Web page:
When I decided to do a Master’s degree in Psychology for Fashion Professionals at the London College of Fashion. I was greeted with a mixture of support, admiration and raised eyebrows. But, for me, doing a degree that was the first of its kind in the world, where I would be one of the first people ever to do it and the first ever black person to do it felt right.
For my undergraduate degree I studied Psychology at UCL, one of the best universities in the world. Even though I stayed in my home town of London, only one bus ride away from my house, I have never experienced such a culture shock in my life. I went from being at a school that was predominately black to being one of four Black people in a course of over 100 students. I felt an immense pressure to be my absolute best at all times, as I felt like I wasn’t just representing myself, I was representing my entire culture, race and community. No matter how amazing my friends were or how supportive my lecturers were, that feeling didn’t go away. But then, I did what you’re supposed to do when something’s bothering you, and acted. During my final year there was a lot of debate surrounding the disproportionate number of black men being stopped and searched, as well as media scaremongering surrounding “hoodie culture”. So for my thesis I decided to study the interaction of clothing and race on first impressions.
‘I went from being at a school that was predominately black to being one of four Black people in a course of over 100 students’
When reading articles about the Stephen Lawrence Inquiry, studies which showed that “70 per cent of news stories involving young Black men pertain to violence, drugs, gangs and other crime related actives” and studies which found “that when viewing an image of a racially ambiguous male, participants are more likely to categorise that person as ‘Black’ when they were wearing low status attire and ‘White’ when wearing high status attire”, it became clear to me that more research needed to be conducted surrounding the social, behavioural and cognitive factors behind racial inequality and that this research needed to be conducted by ethnic minority psychologists.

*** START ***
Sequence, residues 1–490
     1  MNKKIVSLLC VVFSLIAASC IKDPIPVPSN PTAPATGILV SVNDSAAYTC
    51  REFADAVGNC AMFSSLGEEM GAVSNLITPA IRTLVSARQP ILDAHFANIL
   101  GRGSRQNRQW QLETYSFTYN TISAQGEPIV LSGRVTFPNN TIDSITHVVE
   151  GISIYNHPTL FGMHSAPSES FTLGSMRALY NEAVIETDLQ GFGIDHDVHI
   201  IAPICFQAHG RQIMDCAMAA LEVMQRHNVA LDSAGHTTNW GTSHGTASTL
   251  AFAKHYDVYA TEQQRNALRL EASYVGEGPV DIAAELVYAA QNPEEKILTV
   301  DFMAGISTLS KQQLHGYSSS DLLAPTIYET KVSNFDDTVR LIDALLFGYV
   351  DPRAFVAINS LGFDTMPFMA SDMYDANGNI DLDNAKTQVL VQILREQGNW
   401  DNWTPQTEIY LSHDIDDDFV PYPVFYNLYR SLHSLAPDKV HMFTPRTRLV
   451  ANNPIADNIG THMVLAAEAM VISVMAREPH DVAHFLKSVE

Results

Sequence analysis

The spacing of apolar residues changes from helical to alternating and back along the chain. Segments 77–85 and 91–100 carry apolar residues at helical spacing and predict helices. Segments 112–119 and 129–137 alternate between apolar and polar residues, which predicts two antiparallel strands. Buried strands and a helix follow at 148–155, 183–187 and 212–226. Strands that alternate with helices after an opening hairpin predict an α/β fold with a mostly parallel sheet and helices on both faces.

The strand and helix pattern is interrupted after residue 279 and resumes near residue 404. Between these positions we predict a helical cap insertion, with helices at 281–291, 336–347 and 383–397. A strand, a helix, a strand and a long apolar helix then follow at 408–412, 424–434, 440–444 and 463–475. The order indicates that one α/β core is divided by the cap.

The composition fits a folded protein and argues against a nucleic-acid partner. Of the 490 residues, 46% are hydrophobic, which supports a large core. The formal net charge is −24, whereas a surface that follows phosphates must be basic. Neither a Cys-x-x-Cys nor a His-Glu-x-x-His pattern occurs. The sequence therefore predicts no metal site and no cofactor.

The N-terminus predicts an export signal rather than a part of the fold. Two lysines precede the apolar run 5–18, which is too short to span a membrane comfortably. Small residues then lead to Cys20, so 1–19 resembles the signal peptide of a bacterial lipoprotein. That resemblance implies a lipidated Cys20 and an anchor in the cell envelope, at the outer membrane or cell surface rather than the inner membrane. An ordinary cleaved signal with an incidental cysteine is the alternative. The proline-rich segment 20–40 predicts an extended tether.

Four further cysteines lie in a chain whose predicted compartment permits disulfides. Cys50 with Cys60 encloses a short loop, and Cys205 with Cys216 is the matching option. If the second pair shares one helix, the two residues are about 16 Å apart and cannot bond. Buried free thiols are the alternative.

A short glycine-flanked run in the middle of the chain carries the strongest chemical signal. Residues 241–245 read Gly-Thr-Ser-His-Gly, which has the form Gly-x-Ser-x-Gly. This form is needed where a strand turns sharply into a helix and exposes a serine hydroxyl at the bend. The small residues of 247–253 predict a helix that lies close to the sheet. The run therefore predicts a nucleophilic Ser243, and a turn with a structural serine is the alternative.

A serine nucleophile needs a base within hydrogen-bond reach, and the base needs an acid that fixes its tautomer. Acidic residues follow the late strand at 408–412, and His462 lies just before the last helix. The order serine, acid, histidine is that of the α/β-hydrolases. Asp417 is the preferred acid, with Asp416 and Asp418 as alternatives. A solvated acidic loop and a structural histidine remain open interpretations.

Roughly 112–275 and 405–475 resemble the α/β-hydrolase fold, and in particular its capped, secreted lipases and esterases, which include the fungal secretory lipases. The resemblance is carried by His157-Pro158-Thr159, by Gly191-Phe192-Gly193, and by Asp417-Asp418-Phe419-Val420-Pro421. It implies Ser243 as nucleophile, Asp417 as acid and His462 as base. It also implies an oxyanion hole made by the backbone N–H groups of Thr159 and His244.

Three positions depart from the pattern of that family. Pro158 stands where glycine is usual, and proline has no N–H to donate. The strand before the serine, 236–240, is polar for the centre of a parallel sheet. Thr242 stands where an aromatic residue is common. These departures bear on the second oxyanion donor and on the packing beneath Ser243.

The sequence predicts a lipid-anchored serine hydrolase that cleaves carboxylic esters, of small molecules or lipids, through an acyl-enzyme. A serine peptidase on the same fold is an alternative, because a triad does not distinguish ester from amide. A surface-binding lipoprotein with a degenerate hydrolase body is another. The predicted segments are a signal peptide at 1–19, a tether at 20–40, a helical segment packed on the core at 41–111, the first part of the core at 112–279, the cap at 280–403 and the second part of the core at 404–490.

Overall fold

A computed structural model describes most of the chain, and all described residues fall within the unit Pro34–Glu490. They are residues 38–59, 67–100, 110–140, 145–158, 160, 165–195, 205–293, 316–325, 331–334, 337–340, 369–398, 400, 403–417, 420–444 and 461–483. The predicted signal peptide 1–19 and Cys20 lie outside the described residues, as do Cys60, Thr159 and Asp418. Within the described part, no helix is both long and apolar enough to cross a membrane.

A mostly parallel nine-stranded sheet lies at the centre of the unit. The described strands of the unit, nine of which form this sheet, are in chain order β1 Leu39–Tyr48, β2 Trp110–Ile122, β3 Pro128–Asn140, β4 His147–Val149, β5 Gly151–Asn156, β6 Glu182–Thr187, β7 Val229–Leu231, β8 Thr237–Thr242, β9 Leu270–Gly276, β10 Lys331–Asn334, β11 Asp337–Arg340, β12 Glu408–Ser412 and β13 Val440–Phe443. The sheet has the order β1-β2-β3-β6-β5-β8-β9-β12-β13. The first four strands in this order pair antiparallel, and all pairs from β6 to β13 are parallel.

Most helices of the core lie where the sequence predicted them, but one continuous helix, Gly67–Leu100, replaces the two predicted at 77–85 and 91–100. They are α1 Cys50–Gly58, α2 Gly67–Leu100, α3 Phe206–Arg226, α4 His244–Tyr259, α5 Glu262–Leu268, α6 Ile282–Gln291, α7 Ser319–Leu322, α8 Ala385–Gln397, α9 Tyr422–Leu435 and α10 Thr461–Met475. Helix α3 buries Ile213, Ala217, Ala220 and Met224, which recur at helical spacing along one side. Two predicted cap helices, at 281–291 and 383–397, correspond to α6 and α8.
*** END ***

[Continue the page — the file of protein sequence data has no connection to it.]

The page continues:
Nevertheless, one of my greatest flaws has been my need to seek approval from others, and when I was told by relatives, family friends and acquaintances that I should “just go and get a proper degree”, “become a lawyer so that I can make real money” and that my degree “wasn’t real”, I seriously contemplated whether I had made a huge mistake in deciding to study Psychology for Fashion Professionals. People always talk about “silencing the haters”, but what I’ve realised is that sometimes your biggest hater is yourself. You have control over how you choose to emphasise and rationalise the negative opinions of others and this time I decided that that wasn’t going to be me.
From the moment my mother sat me down and helped me make new outfits for my little black dollies my love of fashion has been intertwined with my desire to enhance the representation of black and minority ethnic women. When flicking through fashion magazines it was the black models that always caught my eye. To see a reflection of yourself revered as a symbol of beauty is a powerful thing for a young girl and the fashion industry is slowly beginning to realise that. So, as soon as I applied for the Psychology for Fashion Professionals course I knew that I wanted to study the impact of racially inclusive fashion models advertising. Again, when reading for my paper I was saddened to find statistics which show that black models are still widely underrepresented in the fashion industry, and as a result psychologists have found that witnessing the continued underrepresentation of one’s ethic group causes group members to feel devalued within society, and in turn, may negatively impact upon one’s self-worth.
To generate stimuli for my thesis I single handedly organised a photoshoot with over twenty white and twenty black models. When speaking to a modelling agent I remember them discussing the fact that their black models get booked less frequently than their white counterparts. To give these beautiful women a chance to shine alongside my team of culturally diverse assistants, photographers and make-up artists is one of my proudest moments, but, despite this, at times, my Masters was very difficult.
‘My love of fashion has been intertwined with my desire to enhance the representation of black and minority ethnic women’
Sadly, I suffer from a chronic pain condition called Ehlers Danlos Syndrome which exacerbates stress, and when I was in difficult situations and required to express dissatisfaction I felt as though I had to hold back. I didn’t want people to see a glimpse of the “angry black woman” stereotype. It’s a stereotype we, as black women, have to constantly fight against.
However, on the whole I would have to say that diversity and social inclusion is celebrated at London College of Fashion. I had the pleasure of having Caryn Franklin MBE on my course, one of the founders of All Walks Beyond the Catwalk and the person who gave me my first opportunity to write about my dissatisfaction with the representation of black women in the media. My course peers and lecturers gave me nothing but support and encouragement on my journey and I’m grateful that I was accepted into an institution that allowed me to have a voice during this new wave of social awakening.
Now, my plan is to take my research into the real world and help promote the use of BME models in the fashion industry. As I wrote on Instagram: “I have always and will always fight for the inclusion and positive representation of Black and minority ethnic women worldwide. It is pivotal that the marks we leave on this world are visible for all to see so that future generations of little black girls know that their achievements are boundless.”